Many testators (persons who have a Will) are familiar with the concept of naming a guardian for minor children. In the case where both parents are deceased, a Court will appoint a guardian of the person to make decisions regarding the personal health, safety, and medical decisions of a child, such as where the child lives, goes to school, receives medical care, etc. However, parents of adult disabled children should also be aware of the value of appointing alternate guardians of the person (and potentially guardians of the estate) for disabled children who are no longer minors, if the parents were to become deceased.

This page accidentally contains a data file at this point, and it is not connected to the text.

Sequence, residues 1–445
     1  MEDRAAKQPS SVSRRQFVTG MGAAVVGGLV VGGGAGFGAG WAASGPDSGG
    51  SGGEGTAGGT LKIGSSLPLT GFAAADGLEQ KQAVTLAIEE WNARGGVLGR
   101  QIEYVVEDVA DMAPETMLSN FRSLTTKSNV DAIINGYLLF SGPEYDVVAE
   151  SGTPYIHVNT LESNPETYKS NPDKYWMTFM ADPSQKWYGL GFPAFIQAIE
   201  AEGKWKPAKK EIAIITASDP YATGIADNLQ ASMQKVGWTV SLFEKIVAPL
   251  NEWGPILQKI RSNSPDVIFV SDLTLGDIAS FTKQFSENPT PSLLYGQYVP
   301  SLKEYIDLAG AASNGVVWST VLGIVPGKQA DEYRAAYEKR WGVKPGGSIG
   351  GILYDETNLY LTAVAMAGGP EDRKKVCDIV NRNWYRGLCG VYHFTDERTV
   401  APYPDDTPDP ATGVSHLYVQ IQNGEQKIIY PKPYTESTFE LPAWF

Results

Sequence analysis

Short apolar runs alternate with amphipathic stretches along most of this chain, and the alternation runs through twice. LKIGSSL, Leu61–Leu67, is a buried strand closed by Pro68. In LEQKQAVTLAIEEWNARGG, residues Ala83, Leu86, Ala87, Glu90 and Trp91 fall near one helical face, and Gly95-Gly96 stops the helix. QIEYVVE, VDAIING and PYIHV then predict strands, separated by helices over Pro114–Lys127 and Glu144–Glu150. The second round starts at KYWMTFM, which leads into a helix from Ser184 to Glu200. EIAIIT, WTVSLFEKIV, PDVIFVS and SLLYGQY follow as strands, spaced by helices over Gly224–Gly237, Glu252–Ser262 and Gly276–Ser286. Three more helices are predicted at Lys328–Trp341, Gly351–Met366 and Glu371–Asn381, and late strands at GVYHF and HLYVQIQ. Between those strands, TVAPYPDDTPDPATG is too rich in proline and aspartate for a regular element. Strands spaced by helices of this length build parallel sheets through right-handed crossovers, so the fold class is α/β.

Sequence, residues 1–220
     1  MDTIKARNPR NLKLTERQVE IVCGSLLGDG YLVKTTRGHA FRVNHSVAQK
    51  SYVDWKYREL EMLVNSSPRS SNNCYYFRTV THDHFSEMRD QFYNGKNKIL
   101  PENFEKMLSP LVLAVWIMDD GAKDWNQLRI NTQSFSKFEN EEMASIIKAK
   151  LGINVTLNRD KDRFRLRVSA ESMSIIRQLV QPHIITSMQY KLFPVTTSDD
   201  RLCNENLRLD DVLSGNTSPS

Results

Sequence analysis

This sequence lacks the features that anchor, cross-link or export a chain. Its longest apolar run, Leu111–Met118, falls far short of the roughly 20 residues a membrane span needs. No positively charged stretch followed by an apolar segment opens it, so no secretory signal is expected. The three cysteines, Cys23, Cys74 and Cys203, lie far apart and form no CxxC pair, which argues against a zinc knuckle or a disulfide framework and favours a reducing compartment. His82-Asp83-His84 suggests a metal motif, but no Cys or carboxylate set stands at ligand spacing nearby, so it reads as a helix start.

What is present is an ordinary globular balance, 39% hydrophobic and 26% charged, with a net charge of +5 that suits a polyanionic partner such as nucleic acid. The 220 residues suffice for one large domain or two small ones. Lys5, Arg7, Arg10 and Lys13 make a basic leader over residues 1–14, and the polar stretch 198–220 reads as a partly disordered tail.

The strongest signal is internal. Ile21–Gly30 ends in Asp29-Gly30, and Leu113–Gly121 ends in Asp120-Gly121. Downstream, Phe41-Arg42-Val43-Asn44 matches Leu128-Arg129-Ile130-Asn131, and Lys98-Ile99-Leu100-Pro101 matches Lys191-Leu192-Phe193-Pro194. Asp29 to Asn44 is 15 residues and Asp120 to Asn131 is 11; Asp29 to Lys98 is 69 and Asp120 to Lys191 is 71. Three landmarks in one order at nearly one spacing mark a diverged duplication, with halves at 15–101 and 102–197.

For many parents who have been appointed as guardian of the person and estate for a child, the question arises: who will do this after we die? The answer, in short, is that the Orphans' Court of your county will appoint a new guardian or guardians to serve in those capacities (guardian of the person and guardian of the estate). However, many Courts will look to the Will of the prior guardian to determine preference for guardianship appointment -- especially when the deceased guardian was the parent of the disabled child.
Thus, this simple clause in a Will can have a great impact on who the Court appoints to make critical decisions for a disabled child later in life, after the parent(s) become deceased. In the case of many disabled children who may outlive parents, this is an important addition to a Will.